photo above: KPOV’s Bruce Morris interviews Dan and Tina Hohman for the Critical Conversations series in partnership with Bend-Redmond Habitat for Humanity. All photos courtesy KPOV
By Annissa Anderson
Community radio stations have the power to enlighten listeners on critical issues that affect them and their neighbors. KPOV, a listener-supported, volunteer-powered community radio station that broadcasts from Bend at 88.9 FM and worldwide on the web at kpov.org, is extending its Critical Conversations series with new shows and free podcast access on its website.
Critical Conversations is a project of KPOV that gives local people who would otherwise be shut out of mainstream media a platform for voicing their own stories. The recorded interviews cover issues about race, gender, LGBTQ+ issues, housing and houselessness, the environment, health care rights, and many others. New shows created with the Critical Conversations lens in mind, and the added podcast platform – which will also be shared on social media – will provide broader access to these conversations.
Debuting on-air on October 20 is a new, three-part series examining the housing crisis in Central Oregon in partnership with the Bend-Redmond Habitat for Humanity. The first show features one of the first families to take part in the program more than 30 years ago and highlights their story and the impact the program has had on their lives. A second interview will give insights into how another family has struggled with getting secure housing and its impacts. A third gives voice to the local Communications Director at Habitat for Humanity, as she shares her own struggles with housing and why she got involved with the organization.
Critical Conversations is the brainchild of Bruce Morris, Station Manager at KPOV. Many of Morris’ projects and interviews over his years at KPOV have centered on providing an alternative voice, or Point of View (POV). The station’s local weekday show, The Point, focuses in part on justice issues, and during production of a show on white supremacy, Morris realized the station’s potential to create intentional examinations of difficult, but essential, issues over multiple shows.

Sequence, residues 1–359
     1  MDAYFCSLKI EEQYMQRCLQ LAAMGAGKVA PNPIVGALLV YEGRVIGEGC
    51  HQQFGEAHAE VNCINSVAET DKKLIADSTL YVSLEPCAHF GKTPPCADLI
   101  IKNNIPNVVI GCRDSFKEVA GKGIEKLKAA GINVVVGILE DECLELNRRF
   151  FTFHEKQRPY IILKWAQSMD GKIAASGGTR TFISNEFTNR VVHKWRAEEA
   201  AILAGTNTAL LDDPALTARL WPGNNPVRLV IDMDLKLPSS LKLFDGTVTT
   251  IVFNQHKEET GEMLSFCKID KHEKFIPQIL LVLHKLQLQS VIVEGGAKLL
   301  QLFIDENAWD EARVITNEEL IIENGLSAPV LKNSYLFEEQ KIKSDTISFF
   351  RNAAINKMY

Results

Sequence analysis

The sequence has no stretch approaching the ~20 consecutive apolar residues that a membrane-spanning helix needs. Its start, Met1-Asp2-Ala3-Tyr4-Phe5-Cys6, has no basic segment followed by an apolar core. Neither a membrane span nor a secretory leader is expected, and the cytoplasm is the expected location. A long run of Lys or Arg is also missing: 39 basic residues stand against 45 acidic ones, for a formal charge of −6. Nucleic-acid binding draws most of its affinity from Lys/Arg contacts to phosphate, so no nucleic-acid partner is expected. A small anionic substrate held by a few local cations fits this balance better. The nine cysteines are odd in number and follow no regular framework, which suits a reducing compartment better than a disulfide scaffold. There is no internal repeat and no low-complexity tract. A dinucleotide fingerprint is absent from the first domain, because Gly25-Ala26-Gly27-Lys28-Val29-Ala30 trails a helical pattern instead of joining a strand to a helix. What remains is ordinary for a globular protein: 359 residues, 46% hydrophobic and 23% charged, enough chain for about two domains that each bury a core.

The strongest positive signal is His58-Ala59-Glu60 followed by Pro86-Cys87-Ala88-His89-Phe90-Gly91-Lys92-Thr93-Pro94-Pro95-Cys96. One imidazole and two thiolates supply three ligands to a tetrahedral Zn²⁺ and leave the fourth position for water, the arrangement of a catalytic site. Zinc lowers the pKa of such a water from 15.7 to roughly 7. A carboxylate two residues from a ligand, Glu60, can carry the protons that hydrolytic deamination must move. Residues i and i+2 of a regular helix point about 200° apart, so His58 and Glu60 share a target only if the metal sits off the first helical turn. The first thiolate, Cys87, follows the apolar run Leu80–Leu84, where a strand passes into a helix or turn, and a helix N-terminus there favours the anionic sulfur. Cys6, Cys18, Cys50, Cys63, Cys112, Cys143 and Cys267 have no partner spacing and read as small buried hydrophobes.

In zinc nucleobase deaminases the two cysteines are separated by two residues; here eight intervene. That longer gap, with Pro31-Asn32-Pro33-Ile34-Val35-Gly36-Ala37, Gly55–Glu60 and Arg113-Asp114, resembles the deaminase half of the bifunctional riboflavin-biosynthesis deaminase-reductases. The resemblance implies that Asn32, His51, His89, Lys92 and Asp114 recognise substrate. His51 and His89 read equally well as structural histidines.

KPOV’s mission statement is radio by the people and for the people of Central Oregon. Every Critical Conversations show will reflect that mission, said Morris. “One of our goals is to have most of the interviews by people with lived experiences,” he said. The new Habitat for Humanity series does just that, by giving voice to people who have been directly impacted.
Providing a platform for real, local and human voices talking about the issues that face them personally is something Morris feels could be the answer to better educating and, importantly, creating empathy among listeners. “If people come on the radio and talk about it, maybe people won’t have to ask,” said Morris.
“A critical conversation occurs when the content of an interaction becomes larger than the individuals participating in it. When we tap into the heartbeat of an important, timeless theme, providing sometimes uncomfortable and messy learning opportunities, it is invaluable for the betterment of human understanding,” said Stacie Johnson, Special Projects Manager at KPOV.
Johnson, a regular volunteer DJ at KPOV, was brought into a staff role at KPOV to manage the online presence of Critical Conversations, a role made possible in part by a partnership with the Roundhouse Foundation. “Roundhouse believed in this project in all of its stages and making it visible in the community,” said Sam Corti, Development Director at KPOV. Roundhouse was also instrumental in helping with marketing and outreach assistance, creating the capacity to get the word out about the shows.
Community radio is an example of when it truly takes a village. With ongoing community support, KPOV volunteers and staff have helped to seek out diverse content, which in turn has informed its listeners. “KPOV expresses deep gratitude to all of our local affairs hosts over the years. They have put in the work to create these conversations and build our program to the point where we are able to connect with so many people and groups and create opportunities for a wide range of local voices to be heard,” said Morris.